Ready for Change: How the Admissions Team Supports Referring Professionals

Blake Master

Blake Master

By Blake Master
Associate Director of Admissions

With direct efforts from behavioral health professionals who refer to Sierra Tucson, over 1,500 lives were touched in 2016. That’s 1,500 people making a change in order to feel better, improve, and thrive for years to come. It is not only these individuals who are taking a leap of faith when seeking treatment, but also their referring doctors, therapists, and counselors who are joining them on their journey. Having professionals feel prepared for this process is as important as having the residents feel comfortable and ready to begin. Sierra Tucson has refined the admissions process for healthcare professionals who reach out directly to our facility.

If you are a referring professional who is making a phone call to Sierra Tucson, you will be greeted by an admissions coordinator. He or she will gather clinical information regarding your client and walk you through our simple, two-step admission process. That’s it. In less than 90 minutes, your client will be ready to begin individualized treatment at Sierra Tucson.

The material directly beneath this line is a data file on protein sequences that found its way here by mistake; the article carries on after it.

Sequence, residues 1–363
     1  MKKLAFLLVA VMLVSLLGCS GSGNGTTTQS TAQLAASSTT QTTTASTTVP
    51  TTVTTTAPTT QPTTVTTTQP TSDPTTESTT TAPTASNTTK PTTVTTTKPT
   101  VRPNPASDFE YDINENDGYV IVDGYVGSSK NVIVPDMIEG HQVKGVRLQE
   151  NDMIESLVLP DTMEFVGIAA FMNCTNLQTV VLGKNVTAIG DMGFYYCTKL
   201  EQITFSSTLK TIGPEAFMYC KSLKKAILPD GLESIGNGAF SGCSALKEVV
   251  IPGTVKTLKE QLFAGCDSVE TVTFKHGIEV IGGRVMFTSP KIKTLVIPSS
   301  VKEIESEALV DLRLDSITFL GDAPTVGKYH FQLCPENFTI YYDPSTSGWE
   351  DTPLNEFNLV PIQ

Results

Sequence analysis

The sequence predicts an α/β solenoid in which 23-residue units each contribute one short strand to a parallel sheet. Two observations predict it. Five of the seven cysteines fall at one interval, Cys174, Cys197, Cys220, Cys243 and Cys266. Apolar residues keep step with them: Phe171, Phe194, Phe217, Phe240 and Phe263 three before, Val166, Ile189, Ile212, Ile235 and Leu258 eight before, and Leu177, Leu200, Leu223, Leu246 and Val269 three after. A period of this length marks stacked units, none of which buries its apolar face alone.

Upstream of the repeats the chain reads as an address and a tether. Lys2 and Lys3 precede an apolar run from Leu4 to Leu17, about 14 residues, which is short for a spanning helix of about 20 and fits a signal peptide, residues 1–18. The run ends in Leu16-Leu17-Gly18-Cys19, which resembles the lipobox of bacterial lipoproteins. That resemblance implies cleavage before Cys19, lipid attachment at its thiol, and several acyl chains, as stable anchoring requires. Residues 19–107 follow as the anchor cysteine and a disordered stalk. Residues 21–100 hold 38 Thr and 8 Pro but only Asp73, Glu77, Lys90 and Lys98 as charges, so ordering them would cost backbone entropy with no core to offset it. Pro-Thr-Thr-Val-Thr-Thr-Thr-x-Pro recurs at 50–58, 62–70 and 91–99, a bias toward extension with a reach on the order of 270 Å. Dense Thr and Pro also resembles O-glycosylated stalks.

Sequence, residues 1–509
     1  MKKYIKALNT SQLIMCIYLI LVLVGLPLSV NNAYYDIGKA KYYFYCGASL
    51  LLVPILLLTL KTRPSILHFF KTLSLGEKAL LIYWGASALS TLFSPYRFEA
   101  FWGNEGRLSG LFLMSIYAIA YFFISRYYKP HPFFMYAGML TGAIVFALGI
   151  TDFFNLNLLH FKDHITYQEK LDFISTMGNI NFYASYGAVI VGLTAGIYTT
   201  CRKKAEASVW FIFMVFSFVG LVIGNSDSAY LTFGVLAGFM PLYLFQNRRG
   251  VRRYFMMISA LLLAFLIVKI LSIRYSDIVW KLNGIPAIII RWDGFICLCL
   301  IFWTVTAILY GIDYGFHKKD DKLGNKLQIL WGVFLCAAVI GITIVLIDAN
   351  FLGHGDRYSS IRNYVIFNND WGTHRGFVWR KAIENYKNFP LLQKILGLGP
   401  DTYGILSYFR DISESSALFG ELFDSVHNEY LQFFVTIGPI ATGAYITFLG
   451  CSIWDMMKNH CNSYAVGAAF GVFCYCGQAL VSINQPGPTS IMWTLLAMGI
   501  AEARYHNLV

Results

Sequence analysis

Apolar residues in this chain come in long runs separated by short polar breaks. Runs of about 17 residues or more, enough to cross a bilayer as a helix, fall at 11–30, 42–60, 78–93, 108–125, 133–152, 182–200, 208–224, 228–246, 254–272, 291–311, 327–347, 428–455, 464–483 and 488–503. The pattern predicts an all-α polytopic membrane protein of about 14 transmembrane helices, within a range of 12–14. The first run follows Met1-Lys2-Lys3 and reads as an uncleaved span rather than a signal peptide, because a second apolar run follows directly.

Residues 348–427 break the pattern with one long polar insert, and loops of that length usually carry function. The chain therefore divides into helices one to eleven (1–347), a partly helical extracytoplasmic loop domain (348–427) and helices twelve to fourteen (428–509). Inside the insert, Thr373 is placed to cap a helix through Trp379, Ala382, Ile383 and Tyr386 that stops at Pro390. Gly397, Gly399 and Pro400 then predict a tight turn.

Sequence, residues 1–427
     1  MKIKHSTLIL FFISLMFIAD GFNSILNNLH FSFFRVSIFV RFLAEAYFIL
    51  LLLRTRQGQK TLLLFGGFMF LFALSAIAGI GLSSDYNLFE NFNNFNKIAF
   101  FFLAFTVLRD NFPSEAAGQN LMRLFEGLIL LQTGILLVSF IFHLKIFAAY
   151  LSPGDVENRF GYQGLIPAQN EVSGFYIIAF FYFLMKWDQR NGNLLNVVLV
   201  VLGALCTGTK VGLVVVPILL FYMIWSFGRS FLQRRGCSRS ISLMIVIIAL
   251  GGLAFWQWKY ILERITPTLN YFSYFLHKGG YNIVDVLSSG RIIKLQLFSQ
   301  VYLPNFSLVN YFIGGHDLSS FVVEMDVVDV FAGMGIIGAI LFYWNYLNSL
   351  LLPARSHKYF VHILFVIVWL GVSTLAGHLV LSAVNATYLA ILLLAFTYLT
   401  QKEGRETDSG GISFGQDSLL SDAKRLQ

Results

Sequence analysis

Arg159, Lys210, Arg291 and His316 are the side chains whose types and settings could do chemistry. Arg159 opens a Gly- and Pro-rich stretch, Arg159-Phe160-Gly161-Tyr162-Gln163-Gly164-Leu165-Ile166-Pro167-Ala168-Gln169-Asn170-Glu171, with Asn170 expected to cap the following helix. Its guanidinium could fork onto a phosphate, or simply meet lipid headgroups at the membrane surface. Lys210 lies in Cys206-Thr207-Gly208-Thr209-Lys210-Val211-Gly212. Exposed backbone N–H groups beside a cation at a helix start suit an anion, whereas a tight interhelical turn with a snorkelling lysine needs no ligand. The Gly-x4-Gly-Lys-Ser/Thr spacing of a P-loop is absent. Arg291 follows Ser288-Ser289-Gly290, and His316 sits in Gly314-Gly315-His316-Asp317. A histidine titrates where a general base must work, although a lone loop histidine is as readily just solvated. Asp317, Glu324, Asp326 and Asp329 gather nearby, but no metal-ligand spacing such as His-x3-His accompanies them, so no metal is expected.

Now, what happens while your client is in treatment? To ensure fluidity of care, Sierra Tucson will update you, the referring professional, weekly while your client is in treatment at our facility. We understand and respect that professionals have a history with the individual whom they referred, and the clinical information they  provide helps us deliver precise care. This weekly contact will continually happen until discharge. Sierra Tucson also understands that the upcoming change of treatment environment can be stressful for the individual and all parties involved. As your client’s treatment experience comes closer to completion, we make this process as smooth as possible for all involved.

Sierra Tucson has a three-pronged approach to its continuum of care. First, we communicate with the resident’s treatment team to assist with the individualized continuing care plan, which may include stepping down to a lower level of care (i.e., PHP, IOP, extended care, sober living, or continuing care with the referring professional). Second, the resident will be enrolled in Connect365, our year-long continuing care service offered to residents at no additional cost. Your client will engage in weekly communication with his or her recovery coach for one year post-discharge to help with the transition from treatment to life in recovery. Finally, the resident will have all of the offerings that come with being a Sierra Tucson alum, including support groups offered throughout the country, workshops, social activities, and the annual Alumni Retreat.

Our primary goal is client success. Pending the appropriate releases, we believe that communication and working collaboratively with treatment professionals help create a supportive environment that aids in the resident’s healing journey.